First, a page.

Basic Materials Industry Case Study
A Fortune 100 company in the basic material industry sector believes that a sophisticated approach to human capital analytics will help it identify the specific human capital strategies that will lead to improved business performance. Well informed on the human capital analytics topic, yet underwhelmed with the approaches and products in the HR metrics market, the CHRO was intrigued with Vienna’s patented formulas and analytics approach.
The company has in excess of $30 billion in revenue and 13 strategic business units. The CHRO, an innovator by nature, decided to pilot the Vienna Index to test its relevance and potential value to the organization. As innovators know, pilots are low cost, low risk, easy exit approaches to testing new ideas.
The CHRO met with the CFO to get his support for the pilot because the data needed to calculate the Vienna Index values comes from the financial system.. The CFO was also intrigued with the Vienna ROI and Productivity formulas and readily agreed to support the project. In fact he assigned two members of his finance staff to the project team and gave us full access to the entire general ledger and financial system.
The pilot was conducted on two business units – one very high performing, the other was struggling financially. We gathered the necessary data and measured the results for the three year period ending 12/31/2012. The following table shows the human capital ROI and productivity results for the three year period.
The key observations included:
- Business unit A is performing well, despite a drop in 2012 results compared to 2011. We ultimately determined that 2011 results were unusually high due to cyclical factors and it was unreasonable to expect to continue at such a high level.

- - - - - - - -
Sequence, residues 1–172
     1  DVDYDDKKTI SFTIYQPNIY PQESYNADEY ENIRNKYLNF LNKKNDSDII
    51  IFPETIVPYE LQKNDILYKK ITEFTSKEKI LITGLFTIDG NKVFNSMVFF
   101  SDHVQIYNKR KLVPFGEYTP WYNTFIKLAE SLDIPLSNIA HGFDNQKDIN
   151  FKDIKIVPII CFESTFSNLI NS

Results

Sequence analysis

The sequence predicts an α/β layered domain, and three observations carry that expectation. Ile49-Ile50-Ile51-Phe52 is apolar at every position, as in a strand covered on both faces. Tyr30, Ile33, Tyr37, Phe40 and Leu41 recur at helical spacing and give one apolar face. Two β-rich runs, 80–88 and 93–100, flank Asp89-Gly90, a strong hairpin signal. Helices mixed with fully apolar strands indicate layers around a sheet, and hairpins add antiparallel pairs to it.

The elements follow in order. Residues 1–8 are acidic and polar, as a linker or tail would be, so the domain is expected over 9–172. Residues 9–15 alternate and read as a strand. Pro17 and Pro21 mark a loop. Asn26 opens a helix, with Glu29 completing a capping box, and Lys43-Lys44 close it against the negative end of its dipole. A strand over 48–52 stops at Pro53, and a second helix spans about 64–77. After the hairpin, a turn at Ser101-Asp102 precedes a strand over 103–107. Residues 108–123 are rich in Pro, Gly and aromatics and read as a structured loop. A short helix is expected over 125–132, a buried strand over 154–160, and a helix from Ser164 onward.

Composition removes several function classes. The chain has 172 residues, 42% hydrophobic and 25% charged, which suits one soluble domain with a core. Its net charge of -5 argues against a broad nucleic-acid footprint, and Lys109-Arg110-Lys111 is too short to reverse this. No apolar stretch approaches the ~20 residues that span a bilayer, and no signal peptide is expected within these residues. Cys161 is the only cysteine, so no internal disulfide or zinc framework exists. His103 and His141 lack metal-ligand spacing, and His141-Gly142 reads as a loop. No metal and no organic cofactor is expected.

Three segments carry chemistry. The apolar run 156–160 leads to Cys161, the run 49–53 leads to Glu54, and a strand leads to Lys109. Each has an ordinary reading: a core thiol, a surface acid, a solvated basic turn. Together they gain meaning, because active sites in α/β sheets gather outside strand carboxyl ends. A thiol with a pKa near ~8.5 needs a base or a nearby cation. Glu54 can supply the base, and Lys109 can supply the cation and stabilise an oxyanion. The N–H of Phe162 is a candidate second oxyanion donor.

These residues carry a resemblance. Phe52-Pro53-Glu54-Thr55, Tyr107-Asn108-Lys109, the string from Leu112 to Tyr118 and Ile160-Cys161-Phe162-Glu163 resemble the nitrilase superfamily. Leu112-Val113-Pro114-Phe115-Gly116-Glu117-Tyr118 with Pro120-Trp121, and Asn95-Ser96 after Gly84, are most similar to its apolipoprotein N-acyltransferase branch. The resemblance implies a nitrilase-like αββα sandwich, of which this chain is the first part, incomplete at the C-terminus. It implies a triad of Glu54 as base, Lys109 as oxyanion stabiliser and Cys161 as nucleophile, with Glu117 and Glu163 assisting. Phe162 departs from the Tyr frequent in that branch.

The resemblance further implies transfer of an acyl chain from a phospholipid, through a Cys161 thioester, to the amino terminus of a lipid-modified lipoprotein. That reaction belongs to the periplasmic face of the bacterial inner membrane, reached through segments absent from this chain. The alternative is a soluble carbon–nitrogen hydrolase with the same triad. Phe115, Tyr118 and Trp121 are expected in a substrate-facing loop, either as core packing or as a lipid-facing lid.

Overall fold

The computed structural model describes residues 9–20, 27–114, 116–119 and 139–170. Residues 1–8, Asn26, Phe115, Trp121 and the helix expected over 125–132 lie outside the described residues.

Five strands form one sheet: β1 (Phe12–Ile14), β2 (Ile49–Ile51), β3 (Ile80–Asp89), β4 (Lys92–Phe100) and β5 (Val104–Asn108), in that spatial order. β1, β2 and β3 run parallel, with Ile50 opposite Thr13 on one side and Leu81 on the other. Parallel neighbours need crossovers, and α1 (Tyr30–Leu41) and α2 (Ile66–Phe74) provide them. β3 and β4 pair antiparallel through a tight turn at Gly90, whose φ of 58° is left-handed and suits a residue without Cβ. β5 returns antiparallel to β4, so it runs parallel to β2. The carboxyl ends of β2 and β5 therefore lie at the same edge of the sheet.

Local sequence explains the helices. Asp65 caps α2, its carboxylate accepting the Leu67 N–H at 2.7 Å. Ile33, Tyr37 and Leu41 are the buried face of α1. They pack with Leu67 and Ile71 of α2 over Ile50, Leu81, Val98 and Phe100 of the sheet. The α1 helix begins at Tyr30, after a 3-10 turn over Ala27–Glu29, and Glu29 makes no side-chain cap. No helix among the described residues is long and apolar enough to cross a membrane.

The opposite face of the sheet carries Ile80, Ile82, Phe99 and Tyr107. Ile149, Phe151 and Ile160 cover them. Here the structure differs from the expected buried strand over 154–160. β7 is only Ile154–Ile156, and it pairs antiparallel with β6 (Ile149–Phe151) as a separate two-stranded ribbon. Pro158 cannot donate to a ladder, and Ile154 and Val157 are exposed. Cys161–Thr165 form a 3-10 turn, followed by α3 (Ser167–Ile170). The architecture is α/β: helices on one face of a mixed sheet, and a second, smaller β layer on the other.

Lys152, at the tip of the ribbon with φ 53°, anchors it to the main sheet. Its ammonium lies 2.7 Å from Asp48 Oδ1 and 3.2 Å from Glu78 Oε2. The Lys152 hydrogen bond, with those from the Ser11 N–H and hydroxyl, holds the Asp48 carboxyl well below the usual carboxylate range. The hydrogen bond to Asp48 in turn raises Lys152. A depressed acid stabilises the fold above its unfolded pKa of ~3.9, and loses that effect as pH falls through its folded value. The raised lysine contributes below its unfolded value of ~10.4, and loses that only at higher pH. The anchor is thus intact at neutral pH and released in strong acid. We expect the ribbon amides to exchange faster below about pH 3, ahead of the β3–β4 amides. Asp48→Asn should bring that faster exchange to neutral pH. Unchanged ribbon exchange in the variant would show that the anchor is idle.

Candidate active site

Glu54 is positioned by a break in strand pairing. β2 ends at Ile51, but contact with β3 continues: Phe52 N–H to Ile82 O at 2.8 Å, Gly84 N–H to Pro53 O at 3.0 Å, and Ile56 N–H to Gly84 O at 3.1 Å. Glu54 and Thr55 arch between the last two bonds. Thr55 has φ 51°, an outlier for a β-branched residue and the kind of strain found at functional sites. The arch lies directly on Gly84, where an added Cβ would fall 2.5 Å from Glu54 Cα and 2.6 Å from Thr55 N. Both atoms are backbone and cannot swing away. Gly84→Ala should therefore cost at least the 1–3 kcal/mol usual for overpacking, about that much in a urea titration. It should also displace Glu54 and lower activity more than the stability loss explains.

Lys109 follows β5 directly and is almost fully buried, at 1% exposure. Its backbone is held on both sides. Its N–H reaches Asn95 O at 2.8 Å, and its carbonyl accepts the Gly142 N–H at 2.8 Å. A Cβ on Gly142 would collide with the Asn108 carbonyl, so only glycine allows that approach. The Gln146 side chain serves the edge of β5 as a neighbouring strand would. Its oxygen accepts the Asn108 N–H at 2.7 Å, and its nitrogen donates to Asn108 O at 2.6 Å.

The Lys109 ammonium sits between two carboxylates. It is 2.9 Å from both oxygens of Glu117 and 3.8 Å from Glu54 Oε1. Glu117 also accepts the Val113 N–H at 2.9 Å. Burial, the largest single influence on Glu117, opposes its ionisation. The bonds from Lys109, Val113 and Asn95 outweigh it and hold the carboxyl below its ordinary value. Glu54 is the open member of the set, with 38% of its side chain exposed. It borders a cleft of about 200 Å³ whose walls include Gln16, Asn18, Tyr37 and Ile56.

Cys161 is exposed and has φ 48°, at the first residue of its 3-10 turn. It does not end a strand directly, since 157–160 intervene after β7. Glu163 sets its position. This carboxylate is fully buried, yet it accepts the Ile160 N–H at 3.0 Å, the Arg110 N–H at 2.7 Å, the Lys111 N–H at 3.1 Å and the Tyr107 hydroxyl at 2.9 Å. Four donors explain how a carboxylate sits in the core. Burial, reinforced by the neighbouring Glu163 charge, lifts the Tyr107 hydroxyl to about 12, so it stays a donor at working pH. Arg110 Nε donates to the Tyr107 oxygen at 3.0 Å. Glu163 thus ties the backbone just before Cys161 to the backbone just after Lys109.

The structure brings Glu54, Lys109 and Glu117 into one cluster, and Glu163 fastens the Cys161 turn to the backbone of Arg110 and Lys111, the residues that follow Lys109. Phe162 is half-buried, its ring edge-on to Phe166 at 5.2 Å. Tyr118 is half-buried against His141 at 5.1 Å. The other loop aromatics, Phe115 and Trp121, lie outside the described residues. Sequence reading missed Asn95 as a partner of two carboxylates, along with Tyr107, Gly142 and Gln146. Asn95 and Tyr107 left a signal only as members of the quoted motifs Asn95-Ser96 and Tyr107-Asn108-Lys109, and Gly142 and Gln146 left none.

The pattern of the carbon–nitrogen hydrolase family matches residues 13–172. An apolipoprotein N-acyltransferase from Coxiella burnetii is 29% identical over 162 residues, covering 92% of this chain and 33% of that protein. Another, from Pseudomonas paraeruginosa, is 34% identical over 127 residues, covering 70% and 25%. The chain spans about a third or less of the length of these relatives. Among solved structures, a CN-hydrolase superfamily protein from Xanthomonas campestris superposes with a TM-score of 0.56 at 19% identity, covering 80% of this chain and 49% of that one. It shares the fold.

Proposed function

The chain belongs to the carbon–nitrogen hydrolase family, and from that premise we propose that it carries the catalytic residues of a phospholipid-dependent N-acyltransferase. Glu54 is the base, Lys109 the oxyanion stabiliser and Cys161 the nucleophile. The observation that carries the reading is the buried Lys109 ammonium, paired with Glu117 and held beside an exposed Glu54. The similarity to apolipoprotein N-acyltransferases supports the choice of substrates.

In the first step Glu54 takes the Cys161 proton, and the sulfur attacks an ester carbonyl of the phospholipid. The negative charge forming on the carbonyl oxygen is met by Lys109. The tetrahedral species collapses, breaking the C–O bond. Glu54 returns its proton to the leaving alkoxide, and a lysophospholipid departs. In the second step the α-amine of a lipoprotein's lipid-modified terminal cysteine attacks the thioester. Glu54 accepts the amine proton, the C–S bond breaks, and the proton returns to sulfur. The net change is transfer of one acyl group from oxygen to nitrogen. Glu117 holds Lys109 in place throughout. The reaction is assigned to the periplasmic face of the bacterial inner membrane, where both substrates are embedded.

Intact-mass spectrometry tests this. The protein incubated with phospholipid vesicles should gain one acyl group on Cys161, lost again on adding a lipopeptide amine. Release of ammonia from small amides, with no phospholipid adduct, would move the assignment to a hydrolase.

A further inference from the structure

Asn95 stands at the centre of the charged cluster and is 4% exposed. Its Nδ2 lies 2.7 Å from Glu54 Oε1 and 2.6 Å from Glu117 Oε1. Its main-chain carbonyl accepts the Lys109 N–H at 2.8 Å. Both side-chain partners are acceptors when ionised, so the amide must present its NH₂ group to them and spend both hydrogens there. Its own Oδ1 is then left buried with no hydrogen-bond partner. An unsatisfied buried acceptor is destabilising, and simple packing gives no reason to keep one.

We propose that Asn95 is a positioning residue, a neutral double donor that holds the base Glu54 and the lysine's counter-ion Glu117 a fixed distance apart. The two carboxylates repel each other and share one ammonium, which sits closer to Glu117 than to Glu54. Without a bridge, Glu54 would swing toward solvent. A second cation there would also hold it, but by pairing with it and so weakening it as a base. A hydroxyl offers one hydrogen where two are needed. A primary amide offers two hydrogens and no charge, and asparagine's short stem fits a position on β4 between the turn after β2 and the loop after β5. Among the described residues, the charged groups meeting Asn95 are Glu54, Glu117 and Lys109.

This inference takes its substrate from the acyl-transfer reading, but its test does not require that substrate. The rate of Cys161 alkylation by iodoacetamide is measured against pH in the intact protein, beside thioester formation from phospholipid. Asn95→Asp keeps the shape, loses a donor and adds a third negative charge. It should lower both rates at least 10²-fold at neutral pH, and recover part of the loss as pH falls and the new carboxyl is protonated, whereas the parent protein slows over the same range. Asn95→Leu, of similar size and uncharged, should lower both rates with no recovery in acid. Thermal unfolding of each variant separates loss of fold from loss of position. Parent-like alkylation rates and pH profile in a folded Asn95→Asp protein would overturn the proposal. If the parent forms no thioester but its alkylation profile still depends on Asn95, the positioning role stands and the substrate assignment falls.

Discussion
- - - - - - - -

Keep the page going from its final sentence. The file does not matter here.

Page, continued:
- Business unit A’s human capital strategy (Talent, Rewards, Culture and HR Services) needed only minor tweaks to continue to achieve superior performance.
- Business unit B’s performance was both unacceptable and declining. Expected human capital ROI level was 20%. There were several factors driving the results including human capital costs and financial capital costs.
- Business B determined that there were several human capital strategy factors that were hindering performance including where (geographically) work was being performed, staffing ratios (administrative to production), counter-productive financial rewards, and the need to invest in R&D talent to overcome commoditization of their product portfolio.
- To address these human capital issues in Business unit B, a series of human capital strategy actions were adopted that would lead to an annual human capital costs savings of about $70 million.
- The forecasted impact of the human capital savings on shareholder value was $710 million.
The key take-aways from this case study is how the Vienna Index was used by HR to identify an under-performing business unit, and the impact on shareholder value of the changes in human capital strategy.